Audit ban on secretive clients

Accountants have been banned from taking on audit clients who try to impose restrictions on the scope of an audit.

The move by the Auditing Practices Board stems from concerns about the audits of offshore companies. In some cases, directors have been imposing limitations on what the auditors could do. APB chairman Ian Plaistowe said: ‘For auditors to accept appointment on the understanding that certain audit work will not be performed – and that they are only expected to issue a report containing a disclaimer of opinion – threatens public confidence and is a matter of serious concern to the APB.’

The revised rules are embodied in a new standard, SAS 601, entitled ‘Imposed Limitation of Audit Scope’, and will take effect from the beginning of June. APB officials first announced the new rules in a discussion draft issued last November.

Last week, Plaistowe roundly condemned audits where limitations had been imposed by company directors. ‘These are audits in name only,’ he said.

‘This new standard puts the auditors’ position beyond doubt – such engagements should not be accepted.’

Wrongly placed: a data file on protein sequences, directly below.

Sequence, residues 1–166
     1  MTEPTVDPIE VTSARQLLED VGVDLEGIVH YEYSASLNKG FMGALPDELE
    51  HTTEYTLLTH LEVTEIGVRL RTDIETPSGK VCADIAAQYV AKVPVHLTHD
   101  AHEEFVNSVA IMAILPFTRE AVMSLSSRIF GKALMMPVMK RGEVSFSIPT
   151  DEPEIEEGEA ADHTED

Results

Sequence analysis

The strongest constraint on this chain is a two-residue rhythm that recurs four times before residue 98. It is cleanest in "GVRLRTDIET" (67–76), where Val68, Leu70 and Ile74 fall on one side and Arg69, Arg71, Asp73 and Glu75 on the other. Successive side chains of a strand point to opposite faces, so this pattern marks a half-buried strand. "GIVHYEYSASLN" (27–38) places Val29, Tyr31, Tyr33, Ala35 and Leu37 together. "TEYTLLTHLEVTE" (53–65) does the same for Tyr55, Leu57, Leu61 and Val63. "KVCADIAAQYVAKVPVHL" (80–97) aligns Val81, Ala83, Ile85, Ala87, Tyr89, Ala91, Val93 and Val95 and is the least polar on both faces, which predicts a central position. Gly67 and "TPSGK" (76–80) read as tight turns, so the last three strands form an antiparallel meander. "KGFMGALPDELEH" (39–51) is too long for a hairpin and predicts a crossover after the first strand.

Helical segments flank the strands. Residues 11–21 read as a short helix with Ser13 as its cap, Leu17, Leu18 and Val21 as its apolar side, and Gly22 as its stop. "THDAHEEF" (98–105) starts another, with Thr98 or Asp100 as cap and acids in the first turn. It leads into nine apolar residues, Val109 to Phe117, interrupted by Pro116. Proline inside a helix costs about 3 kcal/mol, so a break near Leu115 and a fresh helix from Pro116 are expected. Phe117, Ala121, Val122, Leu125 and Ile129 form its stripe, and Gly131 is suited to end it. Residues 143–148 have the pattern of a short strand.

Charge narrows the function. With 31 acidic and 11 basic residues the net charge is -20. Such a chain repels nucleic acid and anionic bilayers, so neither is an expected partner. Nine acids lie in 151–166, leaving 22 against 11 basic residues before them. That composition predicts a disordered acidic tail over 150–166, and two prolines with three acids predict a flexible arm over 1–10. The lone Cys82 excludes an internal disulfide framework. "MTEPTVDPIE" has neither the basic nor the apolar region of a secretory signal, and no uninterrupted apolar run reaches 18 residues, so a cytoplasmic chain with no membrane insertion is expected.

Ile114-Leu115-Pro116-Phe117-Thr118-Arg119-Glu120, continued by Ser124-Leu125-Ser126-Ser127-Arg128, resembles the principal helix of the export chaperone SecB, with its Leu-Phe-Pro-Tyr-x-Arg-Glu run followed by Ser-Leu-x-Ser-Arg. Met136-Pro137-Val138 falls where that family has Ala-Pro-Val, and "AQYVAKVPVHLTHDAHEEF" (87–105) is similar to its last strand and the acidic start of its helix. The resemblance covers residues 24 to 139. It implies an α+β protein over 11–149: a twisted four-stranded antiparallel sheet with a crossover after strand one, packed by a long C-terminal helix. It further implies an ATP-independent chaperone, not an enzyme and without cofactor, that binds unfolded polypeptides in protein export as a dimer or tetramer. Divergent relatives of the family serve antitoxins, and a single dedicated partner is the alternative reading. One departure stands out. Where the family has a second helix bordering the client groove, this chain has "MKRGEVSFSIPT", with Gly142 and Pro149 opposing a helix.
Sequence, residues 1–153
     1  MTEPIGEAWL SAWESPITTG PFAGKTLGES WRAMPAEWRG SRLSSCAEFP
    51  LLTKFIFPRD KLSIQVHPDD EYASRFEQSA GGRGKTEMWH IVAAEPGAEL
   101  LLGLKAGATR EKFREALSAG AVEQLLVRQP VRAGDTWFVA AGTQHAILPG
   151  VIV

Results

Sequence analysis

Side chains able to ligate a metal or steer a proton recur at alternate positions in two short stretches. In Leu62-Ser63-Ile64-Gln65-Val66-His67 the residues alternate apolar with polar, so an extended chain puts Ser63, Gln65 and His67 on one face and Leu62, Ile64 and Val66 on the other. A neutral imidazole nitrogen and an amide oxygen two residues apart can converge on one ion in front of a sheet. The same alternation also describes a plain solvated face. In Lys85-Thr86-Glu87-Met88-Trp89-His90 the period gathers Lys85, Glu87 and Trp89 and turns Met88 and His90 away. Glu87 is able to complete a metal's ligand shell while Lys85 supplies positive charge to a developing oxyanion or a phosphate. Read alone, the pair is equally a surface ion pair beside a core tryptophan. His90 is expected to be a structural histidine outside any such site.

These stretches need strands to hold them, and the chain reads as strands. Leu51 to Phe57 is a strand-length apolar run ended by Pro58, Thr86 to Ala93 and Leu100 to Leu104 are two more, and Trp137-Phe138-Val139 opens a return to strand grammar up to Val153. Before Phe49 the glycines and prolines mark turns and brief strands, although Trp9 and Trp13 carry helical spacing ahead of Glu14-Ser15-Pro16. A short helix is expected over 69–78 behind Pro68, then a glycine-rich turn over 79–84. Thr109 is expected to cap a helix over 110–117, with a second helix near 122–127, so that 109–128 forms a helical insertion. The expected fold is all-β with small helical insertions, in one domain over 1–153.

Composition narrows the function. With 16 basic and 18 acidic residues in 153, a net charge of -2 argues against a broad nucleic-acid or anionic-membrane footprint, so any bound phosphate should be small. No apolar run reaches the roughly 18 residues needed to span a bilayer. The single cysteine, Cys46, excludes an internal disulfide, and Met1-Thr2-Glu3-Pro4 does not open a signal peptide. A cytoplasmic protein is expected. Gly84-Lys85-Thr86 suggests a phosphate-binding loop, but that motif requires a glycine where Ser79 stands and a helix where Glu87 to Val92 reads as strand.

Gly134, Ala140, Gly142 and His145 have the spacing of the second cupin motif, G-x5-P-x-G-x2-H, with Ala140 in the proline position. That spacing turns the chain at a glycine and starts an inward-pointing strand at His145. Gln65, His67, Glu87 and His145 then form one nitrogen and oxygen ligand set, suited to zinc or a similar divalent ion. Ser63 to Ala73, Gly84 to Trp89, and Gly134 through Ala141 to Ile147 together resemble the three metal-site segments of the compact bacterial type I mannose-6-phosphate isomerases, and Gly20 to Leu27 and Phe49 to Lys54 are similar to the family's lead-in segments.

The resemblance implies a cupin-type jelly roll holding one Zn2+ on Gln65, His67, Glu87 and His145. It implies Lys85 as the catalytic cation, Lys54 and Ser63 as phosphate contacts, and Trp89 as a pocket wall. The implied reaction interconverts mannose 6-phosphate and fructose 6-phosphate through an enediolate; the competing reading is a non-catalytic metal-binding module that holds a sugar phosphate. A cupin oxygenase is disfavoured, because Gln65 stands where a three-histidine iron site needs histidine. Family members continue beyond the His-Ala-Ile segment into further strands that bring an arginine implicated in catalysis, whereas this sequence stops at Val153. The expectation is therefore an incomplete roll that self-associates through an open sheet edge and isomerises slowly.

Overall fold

Two basic rules are laid out in the standard. If auditors become aware before accepting an audit that directors will impose a limitation on its scope, they should not accept it.

If they become aware of a limitation after they have already taken on the client, they should request that the restriction be dropped. Failing that, the auditor should consider resigning.

‘Agreeing such a restriction … would seriously threaten the auditors’ independence,’ according to the standard.

But if the auditors consider it appropriate for them to continue – for example where a third party is involved – then they can retain the audit contract, as long as they include a full explanation of the events that led to the disclaimer in their report.

Related reading